The Niagara Escarpment was formed over 400 million years ago, and those 400 million years of history are visible in the layers of rock along the escarpment walls. These rocks layers are basically a timeline, showing how the escarpment has eroded and changed over time.
One thing this erosion has resulted in, is the creation of an amazing gorge, which hosts a series of waterfalls, the most famous of which is the thundering waters of Niagara Falls. But all along the entire Niagara Escarpment, are a series of slightly lesser known waterfalls, not quite as grand as Niagara Falls, but beautiful none-the- less.
The Variety of Waterfalls
Plunge: water falls vertically and loses contact with the bedrock in the process.
Horsetail: the falling water maintains some contact with the bedrock, and the crest of falling water gets wider as it drops.
Cataract: a big, powerful waterfall.
Multi Step: a series of waterfalls that are all around the same size and that each have their own pool.
Cascade: water falls down what looks like steps made by rock.
Segmented: a waterfall that has distinct flows as it falls
Punchbowl: water falls in a constricted form, but spreads out when it reaches the pool.
*these are just some of the types of waterfalls.
Positioned beside a picturesque mill, this waterfall is one of Niagara’s lovelier hidden gems. There are actually two waterfalls at this location, though one of them requires more of a commitment to hiking if you want to see it. Upper Decew Falls is a tall waterfall that is approximately six metres wide. The water falls into a pretty pool, where it then continues downstream until it reaches Lower Decew Falls, which is a significantly smaller waterfall.
This spot is perfect for hiking as the Upper Falls sits adjacent to an entrance to the Bruce Trail. The Upper Waterfall can be viewed from the top of the escarpment, but if you decide to hike the trail, be cautious at all times, as the trail has a steep drop on one side.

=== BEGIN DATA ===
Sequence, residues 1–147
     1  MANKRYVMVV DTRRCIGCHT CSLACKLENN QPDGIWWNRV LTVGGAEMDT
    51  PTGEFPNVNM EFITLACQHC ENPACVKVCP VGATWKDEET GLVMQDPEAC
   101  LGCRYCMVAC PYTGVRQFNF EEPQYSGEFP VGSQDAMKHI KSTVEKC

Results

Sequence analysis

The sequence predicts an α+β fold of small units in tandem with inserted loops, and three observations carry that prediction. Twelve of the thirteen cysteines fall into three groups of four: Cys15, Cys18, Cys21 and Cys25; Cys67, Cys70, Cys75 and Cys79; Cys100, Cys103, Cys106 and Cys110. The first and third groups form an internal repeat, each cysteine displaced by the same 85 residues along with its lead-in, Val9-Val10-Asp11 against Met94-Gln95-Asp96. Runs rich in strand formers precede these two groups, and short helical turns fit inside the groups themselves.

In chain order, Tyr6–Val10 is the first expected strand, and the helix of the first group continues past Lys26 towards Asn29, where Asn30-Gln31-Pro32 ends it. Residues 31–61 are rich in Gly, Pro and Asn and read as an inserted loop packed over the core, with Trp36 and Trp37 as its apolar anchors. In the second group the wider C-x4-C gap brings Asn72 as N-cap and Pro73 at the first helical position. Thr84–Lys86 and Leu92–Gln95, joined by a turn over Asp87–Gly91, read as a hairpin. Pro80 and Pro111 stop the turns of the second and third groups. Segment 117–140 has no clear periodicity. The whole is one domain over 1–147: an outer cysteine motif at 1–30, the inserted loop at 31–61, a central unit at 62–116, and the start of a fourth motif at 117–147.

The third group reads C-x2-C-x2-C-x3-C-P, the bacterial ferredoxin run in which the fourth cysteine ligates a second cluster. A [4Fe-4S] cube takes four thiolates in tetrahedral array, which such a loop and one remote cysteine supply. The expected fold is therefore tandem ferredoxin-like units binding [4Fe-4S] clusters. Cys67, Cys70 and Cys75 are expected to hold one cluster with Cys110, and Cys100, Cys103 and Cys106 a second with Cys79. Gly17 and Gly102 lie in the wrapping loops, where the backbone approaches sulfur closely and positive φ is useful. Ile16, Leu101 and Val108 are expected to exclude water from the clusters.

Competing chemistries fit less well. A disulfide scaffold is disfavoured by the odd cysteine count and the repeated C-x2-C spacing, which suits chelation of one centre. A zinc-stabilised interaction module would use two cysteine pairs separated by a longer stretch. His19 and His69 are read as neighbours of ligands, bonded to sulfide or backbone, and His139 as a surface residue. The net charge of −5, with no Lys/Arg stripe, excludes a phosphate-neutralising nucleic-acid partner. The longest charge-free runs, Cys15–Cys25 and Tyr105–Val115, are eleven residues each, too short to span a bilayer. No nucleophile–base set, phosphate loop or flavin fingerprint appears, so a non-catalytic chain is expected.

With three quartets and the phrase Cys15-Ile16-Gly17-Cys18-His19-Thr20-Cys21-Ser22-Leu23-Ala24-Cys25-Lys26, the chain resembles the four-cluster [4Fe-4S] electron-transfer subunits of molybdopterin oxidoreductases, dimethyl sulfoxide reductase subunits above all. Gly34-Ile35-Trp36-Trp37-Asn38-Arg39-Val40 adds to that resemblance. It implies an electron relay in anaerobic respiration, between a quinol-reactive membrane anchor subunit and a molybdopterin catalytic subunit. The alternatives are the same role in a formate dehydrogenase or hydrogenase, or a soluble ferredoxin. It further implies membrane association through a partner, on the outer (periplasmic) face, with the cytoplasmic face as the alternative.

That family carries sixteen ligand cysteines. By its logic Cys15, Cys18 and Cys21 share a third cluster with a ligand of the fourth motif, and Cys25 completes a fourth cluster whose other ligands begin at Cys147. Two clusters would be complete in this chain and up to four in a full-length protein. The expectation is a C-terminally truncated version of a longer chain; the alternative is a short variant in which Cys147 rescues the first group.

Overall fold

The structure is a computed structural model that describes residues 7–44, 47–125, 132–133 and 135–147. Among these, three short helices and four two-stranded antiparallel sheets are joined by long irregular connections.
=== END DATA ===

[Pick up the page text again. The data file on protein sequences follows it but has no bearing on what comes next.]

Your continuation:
The mill itself is an industrial heritage site and features a working gristmill, a turbine shed, a sawmill, a blacksmith and carpentry shop and a historic home. All buildings are owned by the City of St. Catharines and are maintained by a group of dedicated volunteers. Come May, the mill is open for tours on certain days.
Decew Falls is a great waterfall to visit if you are looking to get away from the hustle and bustle of Niagara Falls and want to get a little more in tune with nature.
This set of waterfalls is located in Jordan, and is another of Niagara’s beauties. The flow varies greatly according to the season (same goes for the rest of the Niagara Escarpment waterfalls), so spring is probably the best time to visit. There is a charge to park here, but the hiking is lovely and the Falls itself is a beautiful sight to see. The Falls is located within the Ball’s Falls Conservation Area and is home to two waterfalls, the upper and the lower. Marked paths will guide you to areas where you’ll be able to view both waterfalls. While you are there, you’ll also be able to explore a village of early 19th century buildings, which include a historic home, privy/tool shed, smoke house, a barn, grist mill, and church. It is a really interesting area to explore for both the historical and natural aspects.
This is another beautiful site that is perfect for hiking, and there are marked trees that lead hikers through different paths. Parking is available at the Rockway Community Centre, which is located on Pelham Rd. In addition to the large falls, there is also the middle and small falls further downstream.
This waterfall takes a little bit more of a hike to reach, but you’ll end up with a good view and a secluded location. It is located within the Louth Conservation Area, and parking is available on Staff Ave.
This area contains both an upper and lower falls that are located in the Beamer Memorial Conservation Area, on the corner of Mountain and Ridge Roads.
If you would like to find out more information about all the waterfalls on the Niagara Escarpment, check out http://gowaterfalling.com. There are maps available so you can plan out a drive from waterfall to waterfall. Many of the falls are within hiking distance of each other, so if you are up for a day full of hiking, you can reach many waterfalls by foot.
Due to it’s unique geological history, the Niagara Escarpment is basically a cliff that runs from Tobermory to Niagara, and any water that is trying to make it’s way to Lake Ontario or Georgian Bay, needs to fall off the escarpment somewhere along the way. Luckily for us, this history has resulted in nature taking quite a picturesque route.